Wayne Newton to open home to public
Thursday, October 20, 2011
LAS VEGAS (AP) — Las Vegas icon Wayne Newton said a yearlong effort to turn his sprawling Sin City estate, Casa de Shenandoah, into a tourist destination is almost complete.
A promotional tour is expected to begin next month and Newton told The Associated Press he hopes to offer the first public tours by February.
Visitors will be able to survey the singer’s collection of European antiques and celebrity mementos — including Nat King Cole’s watch, a Johnny Cash guitar and a champagne glass used by Frank Sinatra to toast Newton.
“It’s going great,” Newton said Tuesday. “It should be open by January or February.”
The attraction was initially slated to open in December, but Newton said the project was delayed because construction permits were not approved as quickly as planned.
A museum, theater, visitors’ center and other attractions were being added to the property. And revised building plans submitted last month call for expanding the museum space and theater, where Newton will perform at least occasionally.
Newton received permission last year to turn his lavish home into a tourist venue after a bruising battle in which his neighbors said they didn’t want tour buses invading the largely residential neighborhood where the “Danke Schoen” singer built his 10,000-square-foot home decades ago.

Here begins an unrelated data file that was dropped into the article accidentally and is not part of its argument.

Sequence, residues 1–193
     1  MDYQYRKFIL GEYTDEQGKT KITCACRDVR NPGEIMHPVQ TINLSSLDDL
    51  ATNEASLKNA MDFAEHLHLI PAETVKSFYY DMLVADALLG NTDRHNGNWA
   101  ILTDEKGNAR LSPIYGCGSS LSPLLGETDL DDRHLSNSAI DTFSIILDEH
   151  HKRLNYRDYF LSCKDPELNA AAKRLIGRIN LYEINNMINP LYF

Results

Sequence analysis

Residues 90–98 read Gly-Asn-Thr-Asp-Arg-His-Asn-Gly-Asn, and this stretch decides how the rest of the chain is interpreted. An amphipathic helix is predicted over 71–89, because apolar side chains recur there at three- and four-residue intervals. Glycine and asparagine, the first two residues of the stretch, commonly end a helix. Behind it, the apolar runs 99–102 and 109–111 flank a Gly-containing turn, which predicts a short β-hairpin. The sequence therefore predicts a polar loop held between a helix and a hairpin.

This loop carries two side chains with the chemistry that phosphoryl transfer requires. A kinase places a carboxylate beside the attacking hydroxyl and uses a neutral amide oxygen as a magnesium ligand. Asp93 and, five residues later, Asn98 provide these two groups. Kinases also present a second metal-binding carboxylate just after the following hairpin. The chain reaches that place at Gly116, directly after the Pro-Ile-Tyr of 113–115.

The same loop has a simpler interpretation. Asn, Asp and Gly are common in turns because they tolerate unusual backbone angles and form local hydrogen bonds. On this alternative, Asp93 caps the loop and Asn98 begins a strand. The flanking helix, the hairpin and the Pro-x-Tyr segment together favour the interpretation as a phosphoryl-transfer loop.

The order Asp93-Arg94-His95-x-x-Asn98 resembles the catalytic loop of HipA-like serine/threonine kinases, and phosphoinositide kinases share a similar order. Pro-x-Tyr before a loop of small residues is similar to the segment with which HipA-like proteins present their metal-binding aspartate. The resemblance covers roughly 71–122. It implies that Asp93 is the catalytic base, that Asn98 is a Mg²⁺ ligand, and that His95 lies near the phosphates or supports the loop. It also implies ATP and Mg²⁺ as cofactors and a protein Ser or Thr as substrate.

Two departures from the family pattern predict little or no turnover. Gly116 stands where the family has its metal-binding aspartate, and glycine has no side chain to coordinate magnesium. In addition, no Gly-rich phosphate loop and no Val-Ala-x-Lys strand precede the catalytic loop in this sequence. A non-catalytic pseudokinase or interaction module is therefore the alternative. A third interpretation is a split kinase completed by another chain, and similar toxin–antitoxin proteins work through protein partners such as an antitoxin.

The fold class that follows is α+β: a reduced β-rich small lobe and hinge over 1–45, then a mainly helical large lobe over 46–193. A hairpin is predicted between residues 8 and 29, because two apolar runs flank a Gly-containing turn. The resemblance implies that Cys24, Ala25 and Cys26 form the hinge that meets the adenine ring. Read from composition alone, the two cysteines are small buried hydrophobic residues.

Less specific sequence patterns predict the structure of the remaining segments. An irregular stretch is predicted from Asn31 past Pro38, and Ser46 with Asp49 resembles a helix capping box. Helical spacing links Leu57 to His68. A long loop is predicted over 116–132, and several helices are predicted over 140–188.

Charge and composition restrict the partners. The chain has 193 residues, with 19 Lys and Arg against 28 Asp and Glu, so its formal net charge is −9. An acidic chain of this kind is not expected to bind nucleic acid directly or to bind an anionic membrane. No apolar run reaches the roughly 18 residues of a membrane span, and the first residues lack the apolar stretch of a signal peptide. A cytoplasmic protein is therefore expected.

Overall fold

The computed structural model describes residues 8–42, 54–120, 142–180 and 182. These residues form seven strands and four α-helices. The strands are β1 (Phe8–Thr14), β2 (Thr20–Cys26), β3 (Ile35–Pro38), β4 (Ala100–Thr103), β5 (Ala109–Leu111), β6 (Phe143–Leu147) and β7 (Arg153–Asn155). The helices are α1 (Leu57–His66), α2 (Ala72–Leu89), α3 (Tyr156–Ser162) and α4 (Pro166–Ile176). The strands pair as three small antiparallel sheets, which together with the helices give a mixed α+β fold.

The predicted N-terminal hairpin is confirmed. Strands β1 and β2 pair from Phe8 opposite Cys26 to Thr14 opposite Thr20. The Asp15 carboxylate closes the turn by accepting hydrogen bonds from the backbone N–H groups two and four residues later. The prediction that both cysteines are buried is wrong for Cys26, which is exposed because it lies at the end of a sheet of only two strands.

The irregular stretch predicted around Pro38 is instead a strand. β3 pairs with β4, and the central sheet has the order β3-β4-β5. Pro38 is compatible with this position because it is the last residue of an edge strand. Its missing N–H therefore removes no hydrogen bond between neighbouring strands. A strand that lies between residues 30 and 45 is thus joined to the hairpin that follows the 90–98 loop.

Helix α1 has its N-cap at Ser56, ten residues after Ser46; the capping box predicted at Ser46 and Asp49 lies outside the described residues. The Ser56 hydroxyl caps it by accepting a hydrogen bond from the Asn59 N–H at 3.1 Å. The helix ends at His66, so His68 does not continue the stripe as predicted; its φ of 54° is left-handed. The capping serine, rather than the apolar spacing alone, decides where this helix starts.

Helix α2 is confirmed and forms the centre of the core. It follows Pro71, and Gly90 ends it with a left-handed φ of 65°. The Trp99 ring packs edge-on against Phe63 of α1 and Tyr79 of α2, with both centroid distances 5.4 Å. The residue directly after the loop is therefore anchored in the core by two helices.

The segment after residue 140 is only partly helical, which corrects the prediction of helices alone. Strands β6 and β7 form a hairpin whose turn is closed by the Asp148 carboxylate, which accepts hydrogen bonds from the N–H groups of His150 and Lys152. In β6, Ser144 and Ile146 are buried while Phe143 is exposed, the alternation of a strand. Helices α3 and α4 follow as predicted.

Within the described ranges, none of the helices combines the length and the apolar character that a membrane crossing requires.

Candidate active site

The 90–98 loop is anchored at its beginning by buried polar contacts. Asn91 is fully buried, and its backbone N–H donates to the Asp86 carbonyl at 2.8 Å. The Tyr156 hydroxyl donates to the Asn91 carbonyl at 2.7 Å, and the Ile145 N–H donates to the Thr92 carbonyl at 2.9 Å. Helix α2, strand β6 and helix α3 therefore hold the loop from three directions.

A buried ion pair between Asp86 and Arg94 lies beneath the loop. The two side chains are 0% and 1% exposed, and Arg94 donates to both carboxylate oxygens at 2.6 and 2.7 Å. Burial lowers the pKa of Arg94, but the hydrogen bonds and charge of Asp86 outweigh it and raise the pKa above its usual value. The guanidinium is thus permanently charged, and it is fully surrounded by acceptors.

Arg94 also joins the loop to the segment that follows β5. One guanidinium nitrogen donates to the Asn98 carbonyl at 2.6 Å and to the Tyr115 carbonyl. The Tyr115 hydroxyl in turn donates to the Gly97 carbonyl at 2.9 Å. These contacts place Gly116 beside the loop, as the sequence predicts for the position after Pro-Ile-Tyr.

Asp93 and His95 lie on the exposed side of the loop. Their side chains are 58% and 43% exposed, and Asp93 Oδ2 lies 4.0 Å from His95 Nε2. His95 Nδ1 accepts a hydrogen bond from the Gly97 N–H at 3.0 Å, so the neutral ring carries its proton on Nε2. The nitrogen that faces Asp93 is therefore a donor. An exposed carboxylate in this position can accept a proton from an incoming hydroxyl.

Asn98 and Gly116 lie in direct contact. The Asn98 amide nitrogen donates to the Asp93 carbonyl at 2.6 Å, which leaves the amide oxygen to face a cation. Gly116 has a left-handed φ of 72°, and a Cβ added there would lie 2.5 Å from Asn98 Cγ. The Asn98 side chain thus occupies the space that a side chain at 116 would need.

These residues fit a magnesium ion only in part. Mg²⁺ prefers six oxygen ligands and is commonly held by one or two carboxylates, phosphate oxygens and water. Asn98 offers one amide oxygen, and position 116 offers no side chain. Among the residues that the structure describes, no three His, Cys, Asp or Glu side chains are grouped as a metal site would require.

The 40-acre estate features South African penguins, Arabian horses, Impressionist paintings by Pierre-Auguste Renoir and 17th-century antiques collected from European castles. Some of the keepsakes were gifts from the mentors and friends who helped make Newton famous, including Sinatra, Elvis Presley, Bobby Darin and Jack Benny.
Newton, his wife and their daughter are expected to move into a smaller house on the property, ceding the main house to the public.
Newton has said the tourist attraction will be both a showcase for his collections and a tribute to some of the performers that made Las Vegas a celebrity haven. The revamped estate is expected to employ more than 400 people at a time when unemployment in Nevada is above 13 percent, the highest rate in the nation.